Keeping a Body Cool
REFEEZABLE ICE PACKS
ThermaFreeze made in USA Reusable Ice Pack Sheets for Coolers, 10x15, 4x6 Cells
One Utah family explained,
"One pack went under the head, one went under each shoulder blade, two side-by-side under the kidneys, and one over the abdomen.
We traded them out every 6 hours or more, and they were still cold enough to remain there longer.
We kept our mother's body for almost 72 hours. We had a celebration of life at our nearby church, without the body, then family came and just enjoyed the sweet spirit at home, until the mortuary sent their representatives out to pick up the body for a cremation."
Another family described their father's February funeral preparations,
"His body remained in the casket in the van with which we picked him up from Delta Cargo.
We kept the van parked in our garage for two days. We lit the inside of the van with a spotlight to bring the feeling of love and care we felt for him. We were blessed with a perfect 40 degrees the entire time as family flew in for the services."
Another option is to use dry ice. A typical adult body requires about 16 lbs per day. Have on hand: Heavy Gloves, a hammer and chisel or screw driver for breaking sections of the ice (never touch with bare hands) To place the dry ice against the body: wrap the peice of dry ice in a paper bag, then wrap that in a cloth. Then placed under the body. It keeps the body nicely without freezing it or causing a ghostly mist.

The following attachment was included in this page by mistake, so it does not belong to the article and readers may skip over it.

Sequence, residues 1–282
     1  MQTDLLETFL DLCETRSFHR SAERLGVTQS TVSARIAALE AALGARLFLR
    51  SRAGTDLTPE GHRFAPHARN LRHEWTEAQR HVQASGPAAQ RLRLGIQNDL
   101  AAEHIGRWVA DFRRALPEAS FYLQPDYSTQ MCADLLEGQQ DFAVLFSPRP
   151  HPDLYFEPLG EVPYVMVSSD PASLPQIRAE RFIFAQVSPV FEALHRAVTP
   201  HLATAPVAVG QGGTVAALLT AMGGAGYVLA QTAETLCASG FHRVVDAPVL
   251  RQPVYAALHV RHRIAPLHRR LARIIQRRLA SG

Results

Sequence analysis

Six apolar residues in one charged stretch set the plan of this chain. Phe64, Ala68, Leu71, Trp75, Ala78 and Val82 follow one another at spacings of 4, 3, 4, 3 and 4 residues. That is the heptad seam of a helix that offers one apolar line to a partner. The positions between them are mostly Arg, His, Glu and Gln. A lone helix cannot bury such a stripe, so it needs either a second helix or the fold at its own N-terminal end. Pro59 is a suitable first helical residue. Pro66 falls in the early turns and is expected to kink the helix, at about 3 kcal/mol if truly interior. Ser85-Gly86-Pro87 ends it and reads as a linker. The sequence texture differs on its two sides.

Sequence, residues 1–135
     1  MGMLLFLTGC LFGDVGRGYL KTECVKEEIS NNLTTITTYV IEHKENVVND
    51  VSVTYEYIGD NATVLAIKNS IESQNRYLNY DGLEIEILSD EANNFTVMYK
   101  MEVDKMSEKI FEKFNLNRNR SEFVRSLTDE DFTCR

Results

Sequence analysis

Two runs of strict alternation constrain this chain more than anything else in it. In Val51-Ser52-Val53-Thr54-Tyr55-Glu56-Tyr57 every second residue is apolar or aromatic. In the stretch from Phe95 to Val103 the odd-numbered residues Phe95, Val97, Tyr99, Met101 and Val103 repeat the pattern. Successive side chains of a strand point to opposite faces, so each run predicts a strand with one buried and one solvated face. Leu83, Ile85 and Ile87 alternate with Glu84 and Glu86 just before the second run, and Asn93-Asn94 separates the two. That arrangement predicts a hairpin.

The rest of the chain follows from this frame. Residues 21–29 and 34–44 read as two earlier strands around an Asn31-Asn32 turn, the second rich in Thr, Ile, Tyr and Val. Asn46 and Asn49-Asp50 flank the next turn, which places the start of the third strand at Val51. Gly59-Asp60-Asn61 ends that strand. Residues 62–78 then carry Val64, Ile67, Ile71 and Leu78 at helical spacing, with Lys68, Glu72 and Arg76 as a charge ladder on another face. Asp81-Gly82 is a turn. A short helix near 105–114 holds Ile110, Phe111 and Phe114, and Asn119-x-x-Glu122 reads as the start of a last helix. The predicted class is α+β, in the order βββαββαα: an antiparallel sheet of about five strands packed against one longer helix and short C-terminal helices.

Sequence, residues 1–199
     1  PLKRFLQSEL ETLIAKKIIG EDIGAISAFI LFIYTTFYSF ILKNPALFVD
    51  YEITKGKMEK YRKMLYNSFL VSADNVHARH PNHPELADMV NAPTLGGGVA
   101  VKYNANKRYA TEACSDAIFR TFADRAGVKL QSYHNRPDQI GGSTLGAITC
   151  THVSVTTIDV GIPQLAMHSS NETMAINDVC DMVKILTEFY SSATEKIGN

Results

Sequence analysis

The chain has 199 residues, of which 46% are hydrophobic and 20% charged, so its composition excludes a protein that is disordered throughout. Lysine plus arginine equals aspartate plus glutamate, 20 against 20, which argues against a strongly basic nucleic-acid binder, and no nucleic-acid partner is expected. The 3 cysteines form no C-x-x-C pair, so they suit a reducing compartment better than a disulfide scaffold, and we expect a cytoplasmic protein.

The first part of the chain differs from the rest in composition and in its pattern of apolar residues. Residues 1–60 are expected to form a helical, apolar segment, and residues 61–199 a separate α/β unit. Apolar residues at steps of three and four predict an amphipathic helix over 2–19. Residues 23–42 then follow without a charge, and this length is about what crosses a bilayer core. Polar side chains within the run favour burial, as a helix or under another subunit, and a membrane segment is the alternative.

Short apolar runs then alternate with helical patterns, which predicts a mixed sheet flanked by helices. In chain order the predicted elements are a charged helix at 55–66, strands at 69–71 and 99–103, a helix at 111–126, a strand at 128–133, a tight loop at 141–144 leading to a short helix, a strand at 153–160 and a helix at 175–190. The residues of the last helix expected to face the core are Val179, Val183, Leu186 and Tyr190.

Neither Federal nor State law requires you to follow State Licensure Rules for Funeral Directors when you care for dead loved ones. Just like no law requires you to follow State Licensure Rules for Hairdressers when you cut your family's hair.
Since we know bodies smell as they decompose we willingly want to apply principles that slow decomposition. We do this for the same reason that we refrigerate fresh groceries. No law is required to get people to take care of groceries properly, neither is there to care for our deceased loved ones who are far more precious to us than groceries.
A thorough article on cooling: